To a 1000 mL 3-necked round-bottomed flask purged with and maintained under an inert atmosphere of argon was placed 2-methyl-2-azabicyclo[3.1.0]hexan-3-one (11; 11 g, 99 mmol) and THF (500 mL). The reaction mixture was cooled to –30 °C and 2 M LDA in THF (75 mL, 150 mmol) was added dropwise over 1 h. To this was added MeSSO2Me (19 g, 151 mmol) dropwise over 2 h. The resulting solution was allowed to slowly warm to r.t. and stirred overnight. This process was repeated identically 3 times and the crude reaction mixtures were combined. The combined reaction mixtures were quenched with sat. aq NH4Cl (800 mL) at 0 °C and extracted with EtOAc (3 × 1000 mL). The combined organic layers were dried (Na2SO4), filtered, and concentrated under reduced pressure. The crude residue was purified by chromatography on silica gel eluting with a 0–100% gradient of EtOAc in petroleum ether to afford 44 g (55%) of the title compound as a yellow oil.

1H NMR (CDCl3, 300 MHz): δ = 3.21–3.14 (m, 1 H), 2.91 (s, 3 H), 2.32 (s, 3 H), 2.24 (s, 3 H), 2.70–2.62 (m, 1 H), 1.04–0.97 (m, 1 H), 0.79–0.82 (m, 1 H).


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Methyl 1-(3-Iodophenyl)-1H-pyrazolo[3,4-b]pyridine-3-carboxylate (24)[12]

A 1000 mL round-bottomed flask was charged with methyl 1H-pyrazolo[3,4-b]pyridine-3-carboxylate (22; 10.0 g, 56.5 mmol), (3-iodophenyl)boronic acid (23; 15.4 g, 62.1 mmol), Cu(OAc)2 (5.6 g, 31.8 mmol), pyridine (9.8 g, 124 mmol), and THF (400 mL). The reaction mixture was sparged with O2 and was stirred at 50 °C under an atmospheric pressure of O2 overnight. The mixture was quenched by the addition of H2O (30 mL). The quenched reaction mixture was filtered and the filtrate was extracted with EtOAc (3 × 500 mL). The combined organic layers were washed with brine (2 × 100 mL), dried (Na2SO4), filtered, and concentrated under reduced pressure. The crude residue was purified by chromatography on silica gel eluting with a 0–100% gradient of EtOAc in hexanes to provide 12.1 g (57%) of the title compound as a white solid.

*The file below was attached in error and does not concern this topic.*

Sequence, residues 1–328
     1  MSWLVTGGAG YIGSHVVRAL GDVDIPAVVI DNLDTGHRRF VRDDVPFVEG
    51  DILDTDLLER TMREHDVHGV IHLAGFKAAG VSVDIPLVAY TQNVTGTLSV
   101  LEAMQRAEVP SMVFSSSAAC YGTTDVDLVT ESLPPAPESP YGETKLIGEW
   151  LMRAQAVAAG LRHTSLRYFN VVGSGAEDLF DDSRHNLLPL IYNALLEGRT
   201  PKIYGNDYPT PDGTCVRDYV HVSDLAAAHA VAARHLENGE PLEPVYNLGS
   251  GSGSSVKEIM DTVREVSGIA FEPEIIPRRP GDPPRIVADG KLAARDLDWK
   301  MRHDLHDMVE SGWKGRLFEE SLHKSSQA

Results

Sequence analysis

1H NMR (DMSO-d 6, 400 MHz): δ = 8.81 (dd, J = 4.4, 1.6 Hz, 1 H), 8.66–8.59 (m, 2 H), 8.34–8.31 (m, 1 H), 7.84–7.81 (m, 1 H), 7.59 (dd, J = 8.0, 4.4 Hz, 1 H), 7.43 (t, J = 8.0 Hz, 1 H), 4.01 (s, 3 H).

MS (ESI): m/z [M + H]+ calcd for C14H11IN3O2: 379.98; found: 380.


#

Methyl 1-(3-{[(1R,4R,5S)-4-Hydroxy-2-methyl-3-oxo-2-azabicyclo-[3.1.0]hexan-4-yl]ethynyl}phenyl)-1H-pyrazolo[3,4-b]pyridine-3-carboxylate (25)[12] CAS Number: 2193098-03-0

A 500 mL round-bottomed flask purged with and maintained under an inert atmosphere of N2 was charged with methyl 1-(3-iodophenyl)-1H-pyrazolo[3,4-b]pyridine-3-carboxylate (24; 5.83 g, 15.4 mmol), 4-ethynyl-4-hydroxy-2-methyl-2-azabicyclo[3.1.0]hexan-3-one [(1R,4R,5S)-14; 3.02 g, 20.0 mmol], Pd(PPh3)2Cl2 (2.16 g, 3.1 mmol), Et3N (30 mL, 215 mmol), and DMSO (60 mL). The reaction mixture was stirred at 95 °C overnight, quenched with H2O (30 mL), and filtered. The filtrate was extracted with EtOAc (3 × 200 mL). The combined organic layers were washed with brine (2 × 100 mL), dried (Na2SO4), filtered, and concentrated under reduced pressure. The crude residue was purified by chromatography on silica gel eluting with a 0–100% gradient of EtOAc in hexanes to provide 4.0 g (65%) of the title compound as a white solid.

1H NMR (CDCl3, 400 MHz): δ = 8.85–8.71(m, 1 H), 8.63–8.60 (m, 1 H), 8.41 (app s, 1 H), 8.36–8.34 (m, 1 H), 7.50–7.40 (m, 3 H), 4.09 (s, 3 H), 3.21 (s, 1 H), 2.98 (s, 3 H), 2.20–2.18 (m, 1 H), 1.04–0.99 (m, 1 H), 0.98–0.84 (m, 1 H).